Cochrane’s mission is to promote evidence-informed health decision-making by producing high-quality, relevant, and accessible systematic reviews. We are increasingly being made aware of the publication of untrustworthy and potentially fraudulent trials in a number of journals within our specialty. Including such trials in our Cochrane Reviews has serious implications – not only for the reputation of Cochrane, our group, and our review authors, but also for the impact on pregnant women and their babies as a result of healthcare decisions informed by our Cochrane Review evidence.
We acknowledge the guidance available to date in the Cochrane Handbook1 and the Committee on Publication Ethics (COPE) guidelines regarding a journal’s responsibilities for retracting fraudulent reports2. Cochrane have also recently introduced a new policy for managing potentially problematic studies in systematic reviews – and implementation guidance.
We have developed our own process for identifying untrustworthy (potentially fraudulent) trials, and how to handle them in our Pregnancy and Childbirth Cochrane Reviews. This includes the Cochrane Pregnancy and Childbirth Trustworthiness Screening Tool (CPC-TST). We have also incorporated the CPC-TST into our Group’s data extraction template.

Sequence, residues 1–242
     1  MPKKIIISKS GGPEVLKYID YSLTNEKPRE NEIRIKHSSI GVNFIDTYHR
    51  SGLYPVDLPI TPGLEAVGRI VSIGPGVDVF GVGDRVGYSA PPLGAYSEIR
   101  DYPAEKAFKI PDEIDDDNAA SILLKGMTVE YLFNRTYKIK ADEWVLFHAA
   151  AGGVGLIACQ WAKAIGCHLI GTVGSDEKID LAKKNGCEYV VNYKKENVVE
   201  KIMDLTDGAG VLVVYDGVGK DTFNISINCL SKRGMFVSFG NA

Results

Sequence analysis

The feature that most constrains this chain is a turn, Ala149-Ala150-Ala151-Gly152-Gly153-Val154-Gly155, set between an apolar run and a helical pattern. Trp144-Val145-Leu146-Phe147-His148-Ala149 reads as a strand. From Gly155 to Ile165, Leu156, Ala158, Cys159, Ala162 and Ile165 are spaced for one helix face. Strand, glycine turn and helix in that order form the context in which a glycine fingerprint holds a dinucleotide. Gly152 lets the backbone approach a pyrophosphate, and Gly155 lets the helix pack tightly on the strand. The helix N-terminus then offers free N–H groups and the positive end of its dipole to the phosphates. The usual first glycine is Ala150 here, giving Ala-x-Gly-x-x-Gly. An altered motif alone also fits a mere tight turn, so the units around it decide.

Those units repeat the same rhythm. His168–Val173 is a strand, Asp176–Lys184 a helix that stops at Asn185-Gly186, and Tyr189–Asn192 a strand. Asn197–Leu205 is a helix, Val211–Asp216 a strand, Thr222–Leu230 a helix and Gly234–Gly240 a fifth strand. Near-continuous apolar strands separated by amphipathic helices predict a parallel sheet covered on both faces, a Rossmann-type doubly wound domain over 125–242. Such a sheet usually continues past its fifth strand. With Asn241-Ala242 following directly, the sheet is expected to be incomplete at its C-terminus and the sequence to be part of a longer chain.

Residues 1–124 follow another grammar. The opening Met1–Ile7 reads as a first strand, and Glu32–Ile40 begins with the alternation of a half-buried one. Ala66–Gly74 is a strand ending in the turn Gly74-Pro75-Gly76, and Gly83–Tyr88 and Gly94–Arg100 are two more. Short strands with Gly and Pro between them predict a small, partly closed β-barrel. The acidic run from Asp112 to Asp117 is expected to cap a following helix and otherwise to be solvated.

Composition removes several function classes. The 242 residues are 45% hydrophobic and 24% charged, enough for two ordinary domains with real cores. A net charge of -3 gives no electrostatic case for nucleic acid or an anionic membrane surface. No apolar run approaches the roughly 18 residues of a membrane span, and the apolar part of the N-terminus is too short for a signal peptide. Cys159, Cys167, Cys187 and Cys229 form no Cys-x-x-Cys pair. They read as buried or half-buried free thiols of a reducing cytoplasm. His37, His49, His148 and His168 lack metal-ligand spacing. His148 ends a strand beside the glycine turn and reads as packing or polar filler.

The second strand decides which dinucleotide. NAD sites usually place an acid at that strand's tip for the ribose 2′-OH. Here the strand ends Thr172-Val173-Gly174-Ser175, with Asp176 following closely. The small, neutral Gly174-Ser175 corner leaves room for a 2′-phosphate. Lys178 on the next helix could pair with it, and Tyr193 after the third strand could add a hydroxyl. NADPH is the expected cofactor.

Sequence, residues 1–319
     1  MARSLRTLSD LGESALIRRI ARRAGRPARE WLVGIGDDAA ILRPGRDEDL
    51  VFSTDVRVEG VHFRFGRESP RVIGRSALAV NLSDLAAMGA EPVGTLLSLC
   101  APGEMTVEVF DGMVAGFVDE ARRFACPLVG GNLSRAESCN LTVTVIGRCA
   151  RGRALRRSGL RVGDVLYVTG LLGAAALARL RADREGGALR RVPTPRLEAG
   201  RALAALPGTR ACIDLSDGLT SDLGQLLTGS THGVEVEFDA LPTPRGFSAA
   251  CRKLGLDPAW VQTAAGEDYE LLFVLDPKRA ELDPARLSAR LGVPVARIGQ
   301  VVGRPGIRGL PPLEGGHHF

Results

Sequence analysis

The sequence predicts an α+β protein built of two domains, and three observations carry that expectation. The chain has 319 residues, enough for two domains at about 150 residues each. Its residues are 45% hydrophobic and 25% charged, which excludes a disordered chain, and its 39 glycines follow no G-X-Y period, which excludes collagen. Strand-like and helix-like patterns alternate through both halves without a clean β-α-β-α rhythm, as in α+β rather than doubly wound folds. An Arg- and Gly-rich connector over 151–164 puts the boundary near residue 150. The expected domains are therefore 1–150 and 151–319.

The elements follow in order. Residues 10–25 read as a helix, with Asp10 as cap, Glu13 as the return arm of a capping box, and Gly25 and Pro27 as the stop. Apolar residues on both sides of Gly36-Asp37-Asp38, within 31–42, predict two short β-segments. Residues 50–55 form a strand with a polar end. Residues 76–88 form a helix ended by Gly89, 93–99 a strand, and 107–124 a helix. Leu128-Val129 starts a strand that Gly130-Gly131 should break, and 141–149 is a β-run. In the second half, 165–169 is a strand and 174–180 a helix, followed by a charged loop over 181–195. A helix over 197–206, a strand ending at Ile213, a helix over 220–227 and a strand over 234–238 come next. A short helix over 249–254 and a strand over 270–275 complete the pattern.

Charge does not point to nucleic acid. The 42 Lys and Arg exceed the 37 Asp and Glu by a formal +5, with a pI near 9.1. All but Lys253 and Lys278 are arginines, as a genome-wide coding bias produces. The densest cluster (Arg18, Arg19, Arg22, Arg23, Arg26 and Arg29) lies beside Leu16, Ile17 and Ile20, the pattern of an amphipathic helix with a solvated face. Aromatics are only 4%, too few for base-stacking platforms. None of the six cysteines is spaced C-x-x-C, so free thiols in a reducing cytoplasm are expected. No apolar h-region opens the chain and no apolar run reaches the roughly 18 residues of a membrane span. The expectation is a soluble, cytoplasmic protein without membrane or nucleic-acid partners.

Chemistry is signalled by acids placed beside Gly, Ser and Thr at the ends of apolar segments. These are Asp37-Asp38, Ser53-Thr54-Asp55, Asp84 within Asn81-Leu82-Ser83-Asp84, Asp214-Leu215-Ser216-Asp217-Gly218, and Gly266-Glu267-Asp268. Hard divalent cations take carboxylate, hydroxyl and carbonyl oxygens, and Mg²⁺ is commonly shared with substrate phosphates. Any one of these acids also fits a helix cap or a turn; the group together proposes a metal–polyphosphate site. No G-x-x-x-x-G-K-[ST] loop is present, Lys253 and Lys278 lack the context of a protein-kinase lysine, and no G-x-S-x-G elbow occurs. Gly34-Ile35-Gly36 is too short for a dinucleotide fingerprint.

Our proposed tool for assessing the trustworthiness of trials follows a clearly-defined process and will ensure that only studies whose data can be trusted are included in our Group’s Cochrane Reviews. All new and updated Cochrane Pregnancy and Childbirth reviews will now incorporate the CPC-TST methods.
1 Higgins JPT, Thomas J, Chandler J, Cumpston M, Li T, Page MJ, Welch VA (editors). Cochrane Handbook for Systematic Reviews of Interventions version 6.0 (updated July 2019). Chapter 4.4.6. Cochrane, 2019. Available from www.training.cochrane.org/handbook
2 COPE. Guidelines: Retraction guidelines 2019. Committee on Publication Ethics, Hampshire, UK. Available at https://publicationethics.org/files/retraction-guidelines.pdf, accessed 13 December 2019